That’s the pitch from a handful of start-ups that specialize in offering so-called virtual cards — credit or debit card numbers that link to a real payment account but that can be used at only a single merchant or that expire as soon as they’re used, limiting the potential damage if a hacker gets hold of them.
“It’s a way of muddying the waters,” said Boling Jiang, chief executive of New York payments start-up Pay With Privacy. “Fraudsters get these numbers, but they’re useless.”
Jiang’s company and rival New York firm Token Payments both offer free online services that allow you to pay with your existing checking, debit or credit card accounts. Oakland start-up Final offers a credit card of its own, complete with a rewards program. And all three have a similar set of features, designed to make users feel more secure giving out payment information to online merchants.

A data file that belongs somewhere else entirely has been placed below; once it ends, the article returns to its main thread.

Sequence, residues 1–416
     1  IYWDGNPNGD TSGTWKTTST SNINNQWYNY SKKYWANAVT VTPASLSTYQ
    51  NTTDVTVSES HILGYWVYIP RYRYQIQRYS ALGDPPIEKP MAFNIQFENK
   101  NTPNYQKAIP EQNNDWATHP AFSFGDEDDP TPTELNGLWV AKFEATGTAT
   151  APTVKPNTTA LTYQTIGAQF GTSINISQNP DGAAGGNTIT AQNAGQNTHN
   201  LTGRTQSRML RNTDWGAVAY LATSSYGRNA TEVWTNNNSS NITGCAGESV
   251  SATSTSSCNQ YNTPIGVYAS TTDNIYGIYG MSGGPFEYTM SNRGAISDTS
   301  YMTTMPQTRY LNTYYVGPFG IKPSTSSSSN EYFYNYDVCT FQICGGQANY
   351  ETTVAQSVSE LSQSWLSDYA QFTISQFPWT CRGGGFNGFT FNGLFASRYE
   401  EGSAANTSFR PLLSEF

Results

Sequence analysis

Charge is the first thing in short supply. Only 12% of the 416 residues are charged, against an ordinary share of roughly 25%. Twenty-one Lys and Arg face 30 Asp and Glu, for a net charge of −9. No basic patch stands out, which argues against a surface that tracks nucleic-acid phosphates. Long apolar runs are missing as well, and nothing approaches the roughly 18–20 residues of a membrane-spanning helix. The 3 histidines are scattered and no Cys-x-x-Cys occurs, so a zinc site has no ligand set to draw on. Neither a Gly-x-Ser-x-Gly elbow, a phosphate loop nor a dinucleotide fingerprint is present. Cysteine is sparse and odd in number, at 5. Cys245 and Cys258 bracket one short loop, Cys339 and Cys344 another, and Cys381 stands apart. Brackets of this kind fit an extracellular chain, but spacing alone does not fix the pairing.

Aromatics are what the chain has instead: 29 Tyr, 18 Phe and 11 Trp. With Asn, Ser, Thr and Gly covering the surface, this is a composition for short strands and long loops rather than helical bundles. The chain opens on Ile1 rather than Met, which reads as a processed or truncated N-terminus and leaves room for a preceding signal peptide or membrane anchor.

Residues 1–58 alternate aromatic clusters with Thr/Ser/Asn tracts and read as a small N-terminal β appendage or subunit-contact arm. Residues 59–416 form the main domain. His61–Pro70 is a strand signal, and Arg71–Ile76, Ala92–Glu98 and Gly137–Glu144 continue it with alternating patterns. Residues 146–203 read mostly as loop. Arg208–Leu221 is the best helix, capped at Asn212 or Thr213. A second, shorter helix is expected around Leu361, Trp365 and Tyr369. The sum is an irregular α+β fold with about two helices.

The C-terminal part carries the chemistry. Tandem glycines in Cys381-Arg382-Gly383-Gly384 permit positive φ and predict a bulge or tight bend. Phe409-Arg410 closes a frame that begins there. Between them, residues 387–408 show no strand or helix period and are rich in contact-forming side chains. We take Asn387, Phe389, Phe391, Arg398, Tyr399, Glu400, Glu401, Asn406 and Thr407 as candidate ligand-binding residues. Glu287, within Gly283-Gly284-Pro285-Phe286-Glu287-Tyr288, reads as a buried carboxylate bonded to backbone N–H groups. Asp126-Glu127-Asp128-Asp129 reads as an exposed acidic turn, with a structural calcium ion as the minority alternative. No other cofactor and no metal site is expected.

They allow users to generate an unlimited number of virtual cards, which act like an ordinary credit or debit card and come with an expiration date and three-digit security code. But unlike ordinary cards, these can be set to expire after a single use or after a certain amount has been charged to them, or they can be locked to a particular merchant.
If a fraudster steals the number you gave to Amazon and tries to use it at Target, the transaction will be blocked.
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